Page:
In recent decades, major earthquakes have occurred along the North Anatolian Fault in a roughly domino-like fashion, breaking sequentially from east to west. The most recent quake occurred in 1999 in the city of Izmit, just east of Istanbul. The initial shock, which lasted less than a minute, killed thousands. As Istanbul sits at the fault’s western end, many scientists have thought the city will be near the epicenter of the next major quake.
To get an idea of exactly where the fault may fracture next, the MIT and Turkish researchers used GPS data to measure the region’s ground movement over the last 20 years. The group took data along the fault from about 100 GPS locations, including stations where data are collected continuously and sites where instruments are episodically set up over small markers on the ground, the positions of which can be recorded over time as the Earth slowly shifts.
“By continuously tracking, we can tell which parts of the Earth’s crust are moving relative to other parts, and we can see that this fault has relative motion across it at about the rate at which your fingernail grows,” Floyd says.
From their ground data, the researchers estimate that, for the most part, the North Anatolian Fault must move at about 25 millimeters — or one inch — per year, sliding quietly or slipping in a series of earthquakes.
As there’s currently no way to track the Earth’s movement offshore, the group also used fault models to estimate the motion off the Turkish coast. The team identified a segment of the fault under the Sea of Marmara, west of Istanbul, that is essentially stuck, with the “missing” slip accumulating at 10 to 15 millimeters per year. This section — called the Princes’ Island segment, for a nearby tourist destination — last experienced an earthquake 250 years ago.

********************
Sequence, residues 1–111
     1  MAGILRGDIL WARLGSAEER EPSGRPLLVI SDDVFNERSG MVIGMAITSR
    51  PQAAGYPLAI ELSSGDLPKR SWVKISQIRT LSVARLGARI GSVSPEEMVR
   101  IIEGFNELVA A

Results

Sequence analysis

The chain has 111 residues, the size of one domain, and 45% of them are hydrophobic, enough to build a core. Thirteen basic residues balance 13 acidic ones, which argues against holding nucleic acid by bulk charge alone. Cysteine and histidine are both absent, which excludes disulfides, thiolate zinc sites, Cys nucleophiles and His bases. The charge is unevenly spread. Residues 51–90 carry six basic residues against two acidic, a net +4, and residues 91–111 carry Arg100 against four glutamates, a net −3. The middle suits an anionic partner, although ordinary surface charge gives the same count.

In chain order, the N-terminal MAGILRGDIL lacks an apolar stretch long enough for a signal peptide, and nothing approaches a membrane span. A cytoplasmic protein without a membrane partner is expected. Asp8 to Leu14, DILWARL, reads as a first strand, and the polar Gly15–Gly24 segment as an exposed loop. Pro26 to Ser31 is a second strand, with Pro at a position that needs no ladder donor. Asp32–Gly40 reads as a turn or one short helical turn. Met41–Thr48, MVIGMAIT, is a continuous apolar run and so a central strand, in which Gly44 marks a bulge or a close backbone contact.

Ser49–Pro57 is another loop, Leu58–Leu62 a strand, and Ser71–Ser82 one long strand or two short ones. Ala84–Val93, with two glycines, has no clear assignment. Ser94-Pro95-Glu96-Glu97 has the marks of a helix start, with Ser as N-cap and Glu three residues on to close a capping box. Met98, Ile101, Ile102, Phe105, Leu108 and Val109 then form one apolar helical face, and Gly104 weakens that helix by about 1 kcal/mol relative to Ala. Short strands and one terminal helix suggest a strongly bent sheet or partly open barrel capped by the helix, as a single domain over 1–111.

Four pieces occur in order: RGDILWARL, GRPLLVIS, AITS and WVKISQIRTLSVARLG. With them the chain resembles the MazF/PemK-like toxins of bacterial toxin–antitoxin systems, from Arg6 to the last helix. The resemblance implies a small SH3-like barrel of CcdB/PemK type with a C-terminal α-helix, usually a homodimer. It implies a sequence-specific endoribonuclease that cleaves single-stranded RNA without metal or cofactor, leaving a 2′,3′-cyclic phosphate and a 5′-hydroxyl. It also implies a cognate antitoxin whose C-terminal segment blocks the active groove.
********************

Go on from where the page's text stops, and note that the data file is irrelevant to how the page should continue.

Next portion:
Floyd and colleagues calculate that the Princes’ Island segment should have slipped about 8 to 11 feet — but it hasn’t. Instead, strain has likely been building along the segment for the last 250 years. If this tension were to break the fault in one cataclysmic earthquake, the Earth could shift by as much as 11 feet within seconds.
That gives very little warning for nearby Istanbul, says Marco Bohnhoff, a professor at the German Research Center for Geosciences in Potsdam, Germany.
“The nucleation point is pretty close to the city center, which makes early warning time pretty short — between two to six seconds,” says Bohnhoff, who has studied seismic patterns in the region. “Since the international airport is located in an area where ground motion would be high, it would be difficult to get in emergency troops, and unfortunately 90 percent of buildings in Istanbul do not fulfill building codes, and might not resist the expected earthquake.”
Although such accumulated strain may be released in a series of smaller, less hazardous rumbles, Floyd says that given the historical pattern of major quakes along the North Anatolian Fault, it would be reasonable to expect a large earthquake off the coast of Istanbul within the next few decades.
“Earthquakes are not regular or predictable,” Floyd says. “They’re far more random over the long run, and you can go many lifetimes without experiencing one. But it only takes one to affect many lives. In a location like Istanbul that is known to be subject to large earthquakes, it comes back to the message: Always be prepared.”